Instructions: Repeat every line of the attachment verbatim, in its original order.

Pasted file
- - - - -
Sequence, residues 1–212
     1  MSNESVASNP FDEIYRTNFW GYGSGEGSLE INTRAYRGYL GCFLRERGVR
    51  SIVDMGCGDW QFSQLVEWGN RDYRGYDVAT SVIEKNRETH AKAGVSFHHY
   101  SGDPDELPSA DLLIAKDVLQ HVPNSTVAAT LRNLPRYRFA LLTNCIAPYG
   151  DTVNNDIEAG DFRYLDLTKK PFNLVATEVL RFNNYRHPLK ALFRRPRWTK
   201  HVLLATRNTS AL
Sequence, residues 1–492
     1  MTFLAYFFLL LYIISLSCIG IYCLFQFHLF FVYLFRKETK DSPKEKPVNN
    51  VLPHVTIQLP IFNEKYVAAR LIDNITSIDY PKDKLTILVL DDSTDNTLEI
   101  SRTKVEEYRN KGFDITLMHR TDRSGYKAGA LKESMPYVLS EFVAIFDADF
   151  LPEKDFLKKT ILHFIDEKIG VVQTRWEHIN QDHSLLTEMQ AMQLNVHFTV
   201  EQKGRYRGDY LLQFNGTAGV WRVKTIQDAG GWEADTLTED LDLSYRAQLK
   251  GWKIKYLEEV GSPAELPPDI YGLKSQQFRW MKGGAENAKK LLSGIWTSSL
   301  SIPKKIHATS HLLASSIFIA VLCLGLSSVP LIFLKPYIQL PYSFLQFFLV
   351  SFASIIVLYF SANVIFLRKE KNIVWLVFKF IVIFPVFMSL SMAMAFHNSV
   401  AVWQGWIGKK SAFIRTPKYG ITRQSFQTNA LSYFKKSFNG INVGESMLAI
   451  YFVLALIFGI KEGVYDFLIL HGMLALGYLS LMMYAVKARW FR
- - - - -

Sequence, residues 1–212
     1  MSNESVASNP FDEIYRTNFW GYGSGEGSLE INTRAYRGYL GCFLRERGVR
    51  SIVDMGCGDW QFSQLVEWGN RDYRGYDVAT SVIEKNRETH AKAGVSFHHY
   101  SGDPDELPSA DLLIAKDVLQ HVPNSTVAAT LRNLPRYRFA LLTNCIAPYG
   151  DTVNNDIEAG DFRYLDLTKK PFNLVATEVL RFNNYRHPLK ALFRRPRWTK
   201  HVLLATRNTS AL
Sequence, residues 1–492
     1  MTFLAYFFLL LYIISLSCIG IYCLFQFHLF FVYLFRKETK DSPKEKPVNN
    51  VLPHVTIQLP IFNEKYVAAR LIDNITSIDY PKDKLTILVL DDSTDNTLEI
   101  SRTKVEEYRN KGFDITLMHR TDRSGYKAGA LKESMPYVLS EFVAIFDADF
   151  LPEKDFLKKT ILHFIDEKIG VVQTRWEHIN QDHSLLTEMQ AMQLNVHFTV
   201  EQKGRYRGDY LLQFNGTAGV WRVKTIQDAG GWEADTLTED LDLSYRAQLK
   251  GWKIKYLEEV GSPAELPPDI YGLKSQQFRW MKGGAENAKK LLSGIWTSSL
   301  SIPKKIHATS HLLASSIFIA VLCLGLSSVP LIFLKPYIQL PYSFLQFFLV
   351  SFASIIVLYF SANVIFLRKE KNIVWLVFKF IVIFPVFMSL SMAMAFHNSV
   401  AVWQGWIGKK SAFIRTPKYG ITRQSFQTNA LSYFKKSFNG INVGESMLAI
   451  YFVLALIFGI KEGVYDFLIL HGMLALGYLS LMMYAVKARW FR